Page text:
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D.C. is absolutly within 100 miles of an international border. Chicago is on Lake Michigan which an international border between Canada and the US.

Bob Baker

Are you really that sheltered and naïve? Those checkpoints have been around Alamogordo at least since I lived there in 1974. Or just watch "Border Wars" on the justice channel and see what those law enforcement people go through on a daily basis. And that picture looks way too green to be from the Alamogordo area.


As a border resident, I have been, "stopped, harassed, interrogated, and threatened" for YEARS! NO MORE! I don't roll down my windows and I pull out my phone and record them. These law encroachment types don't like cameras. LEAVE WINDOWS UP!


I hear they are stopping people over 20 miles away from the border and still creeping further. Are they going to become the American SS eventually?


I'm a migratory Canadian who has wintered in southern AZ for the last 7 years... as we are only 40 miles from the border (and for that matter only 90 miles from the beach at Puerto Penasco!) we've had many unpleasant encounters with CBP agents at checkpoints. To be completely fair, we've had just as many interesting or humorous encounters as well. And, in the last 3 years or so the interface staff have ALL been efficient, courteous and friendly in our little corner of the borderlands.

Mr. Jordison

If you look at USBP or CBP, it appears that they do what they want and when they want with no accountability when they are in the wrong. It's a great job for a total asshole born in America.

Again it doesn't matter what laws Obama passed or any president of the US before. These people are in their own little world down at the border. It's like a little pond for them, and they are the big fish that run it.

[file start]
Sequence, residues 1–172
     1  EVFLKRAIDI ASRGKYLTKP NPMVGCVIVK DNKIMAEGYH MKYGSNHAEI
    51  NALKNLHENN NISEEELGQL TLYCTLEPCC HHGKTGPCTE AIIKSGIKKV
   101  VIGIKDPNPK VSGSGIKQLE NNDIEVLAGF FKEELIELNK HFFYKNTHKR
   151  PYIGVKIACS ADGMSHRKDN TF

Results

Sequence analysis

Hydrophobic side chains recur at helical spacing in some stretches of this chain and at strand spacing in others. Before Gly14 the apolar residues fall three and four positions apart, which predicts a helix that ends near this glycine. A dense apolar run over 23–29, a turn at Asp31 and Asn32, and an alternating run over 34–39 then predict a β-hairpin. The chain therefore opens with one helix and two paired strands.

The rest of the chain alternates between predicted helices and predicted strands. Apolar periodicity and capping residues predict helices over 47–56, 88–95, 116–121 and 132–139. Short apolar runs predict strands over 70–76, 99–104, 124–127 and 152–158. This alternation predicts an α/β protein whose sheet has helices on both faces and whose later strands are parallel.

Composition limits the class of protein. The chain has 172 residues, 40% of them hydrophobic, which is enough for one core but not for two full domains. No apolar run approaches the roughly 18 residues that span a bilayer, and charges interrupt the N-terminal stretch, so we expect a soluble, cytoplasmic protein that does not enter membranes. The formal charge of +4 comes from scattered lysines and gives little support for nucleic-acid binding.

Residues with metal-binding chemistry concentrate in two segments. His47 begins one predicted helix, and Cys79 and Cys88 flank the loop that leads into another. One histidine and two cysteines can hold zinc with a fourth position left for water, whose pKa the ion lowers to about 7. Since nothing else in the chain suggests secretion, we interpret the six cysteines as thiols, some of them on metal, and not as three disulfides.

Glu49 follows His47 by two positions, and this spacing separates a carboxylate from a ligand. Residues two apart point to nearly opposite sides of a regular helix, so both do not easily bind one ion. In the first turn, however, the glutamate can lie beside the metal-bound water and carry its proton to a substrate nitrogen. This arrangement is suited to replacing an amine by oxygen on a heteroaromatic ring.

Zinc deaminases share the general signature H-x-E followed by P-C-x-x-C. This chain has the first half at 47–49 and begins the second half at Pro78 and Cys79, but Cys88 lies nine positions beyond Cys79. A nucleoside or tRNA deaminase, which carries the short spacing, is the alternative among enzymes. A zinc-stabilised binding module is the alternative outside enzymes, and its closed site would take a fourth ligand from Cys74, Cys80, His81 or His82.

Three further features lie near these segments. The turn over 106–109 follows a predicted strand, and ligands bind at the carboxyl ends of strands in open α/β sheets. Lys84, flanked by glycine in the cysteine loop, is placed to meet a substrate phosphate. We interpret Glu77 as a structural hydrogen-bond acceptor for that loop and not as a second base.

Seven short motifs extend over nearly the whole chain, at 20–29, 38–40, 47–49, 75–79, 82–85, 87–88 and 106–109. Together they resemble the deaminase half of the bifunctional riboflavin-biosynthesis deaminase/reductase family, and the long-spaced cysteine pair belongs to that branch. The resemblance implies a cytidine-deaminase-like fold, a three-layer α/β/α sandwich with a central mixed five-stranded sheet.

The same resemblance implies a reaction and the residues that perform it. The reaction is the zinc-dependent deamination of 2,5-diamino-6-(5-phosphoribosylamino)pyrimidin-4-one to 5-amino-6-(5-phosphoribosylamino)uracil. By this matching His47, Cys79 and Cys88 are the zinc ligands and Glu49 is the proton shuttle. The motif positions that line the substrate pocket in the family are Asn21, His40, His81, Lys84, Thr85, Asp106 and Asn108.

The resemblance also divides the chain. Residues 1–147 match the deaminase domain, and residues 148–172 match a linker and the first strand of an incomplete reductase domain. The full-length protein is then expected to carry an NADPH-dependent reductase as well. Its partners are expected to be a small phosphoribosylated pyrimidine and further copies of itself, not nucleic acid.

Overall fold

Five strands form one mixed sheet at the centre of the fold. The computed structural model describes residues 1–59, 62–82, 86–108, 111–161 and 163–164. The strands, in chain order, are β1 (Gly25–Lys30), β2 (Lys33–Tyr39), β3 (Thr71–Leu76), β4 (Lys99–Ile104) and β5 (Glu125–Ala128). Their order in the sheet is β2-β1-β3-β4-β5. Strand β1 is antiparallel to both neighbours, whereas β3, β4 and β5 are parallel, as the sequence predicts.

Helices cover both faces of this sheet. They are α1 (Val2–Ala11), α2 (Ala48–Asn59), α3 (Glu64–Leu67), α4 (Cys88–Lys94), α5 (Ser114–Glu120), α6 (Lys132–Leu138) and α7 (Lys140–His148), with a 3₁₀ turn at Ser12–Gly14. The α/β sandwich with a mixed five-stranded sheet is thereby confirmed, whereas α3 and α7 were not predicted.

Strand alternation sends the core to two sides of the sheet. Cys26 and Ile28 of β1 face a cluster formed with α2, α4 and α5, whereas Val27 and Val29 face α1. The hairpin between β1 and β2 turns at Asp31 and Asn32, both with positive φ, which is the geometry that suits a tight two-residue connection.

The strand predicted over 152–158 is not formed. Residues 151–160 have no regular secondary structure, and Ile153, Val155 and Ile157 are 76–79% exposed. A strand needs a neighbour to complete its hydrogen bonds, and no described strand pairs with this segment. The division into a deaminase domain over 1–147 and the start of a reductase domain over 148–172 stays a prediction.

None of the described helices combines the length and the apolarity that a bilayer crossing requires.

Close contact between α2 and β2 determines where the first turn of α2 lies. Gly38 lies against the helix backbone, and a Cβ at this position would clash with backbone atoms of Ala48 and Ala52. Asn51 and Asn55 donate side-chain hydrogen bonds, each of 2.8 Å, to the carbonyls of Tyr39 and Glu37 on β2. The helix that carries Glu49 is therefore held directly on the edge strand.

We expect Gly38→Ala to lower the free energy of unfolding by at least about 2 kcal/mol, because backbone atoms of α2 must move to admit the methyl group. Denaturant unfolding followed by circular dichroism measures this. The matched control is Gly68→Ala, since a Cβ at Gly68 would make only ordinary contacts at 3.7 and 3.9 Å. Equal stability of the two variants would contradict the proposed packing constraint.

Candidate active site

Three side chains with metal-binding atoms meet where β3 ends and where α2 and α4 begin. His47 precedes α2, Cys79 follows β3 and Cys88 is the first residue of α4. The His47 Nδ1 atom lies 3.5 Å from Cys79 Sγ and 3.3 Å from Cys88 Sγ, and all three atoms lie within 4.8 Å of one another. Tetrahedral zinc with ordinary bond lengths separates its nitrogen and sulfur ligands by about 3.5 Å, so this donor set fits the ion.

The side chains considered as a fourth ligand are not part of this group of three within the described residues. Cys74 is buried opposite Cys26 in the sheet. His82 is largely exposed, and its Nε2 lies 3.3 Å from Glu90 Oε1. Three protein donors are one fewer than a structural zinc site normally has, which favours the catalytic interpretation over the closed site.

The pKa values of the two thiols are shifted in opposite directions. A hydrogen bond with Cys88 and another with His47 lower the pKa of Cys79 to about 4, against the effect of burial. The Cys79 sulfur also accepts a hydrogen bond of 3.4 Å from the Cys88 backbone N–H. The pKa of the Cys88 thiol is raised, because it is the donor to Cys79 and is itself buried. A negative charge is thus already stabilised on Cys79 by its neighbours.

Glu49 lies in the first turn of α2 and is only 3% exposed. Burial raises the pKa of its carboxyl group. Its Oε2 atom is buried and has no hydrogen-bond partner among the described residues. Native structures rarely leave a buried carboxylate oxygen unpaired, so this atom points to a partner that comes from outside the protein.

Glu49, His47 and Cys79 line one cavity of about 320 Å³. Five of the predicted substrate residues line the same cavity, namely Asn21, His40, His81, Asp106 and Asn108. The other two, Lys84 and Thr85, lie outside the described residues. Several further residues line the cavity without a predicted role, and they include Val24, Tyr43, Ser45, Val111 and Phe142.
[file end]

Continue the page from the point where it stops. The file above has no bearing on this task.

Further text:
ACLU R what's w...

You know what make me anxious? The fact I have to work 40 hours a week to support my family and the families of illegal immigrants. And when you try to stand up and say something, organizations like this start screaming profiling. Really? Your majority support
comes from the communities you seem to refer to. The communities who's culture teach it's ok to have illegitimate children to gain income, to kill those that disagree with you, to blame others for their misfortune. It's not a black, white, Hispanic thing, it is a culture thing. A culture where you watch your loved one being shot in the passenger seat and you show zero emotion; you just grab a camera and start blaming others. You fail to mention the fact that murder rates in these communities will never compare to any police related statistic. If the ACLU wants to help solve the problem, help find a way to change a culture. Because until we do this "problem created by police" will only get worse.

US Citizen

I would like to know what my rights are when stopped at internal checkpoints located on I-5 north of Oceanside, I-15 north of Fallbrook and on the I-8 near Pine Valley, CA. Legally must I answer the BP agent's questions as to my name, my destination, why I'm going there, where I'm coming from, my citizenship etc., etc. What are my rights during these mass stops? Thank you.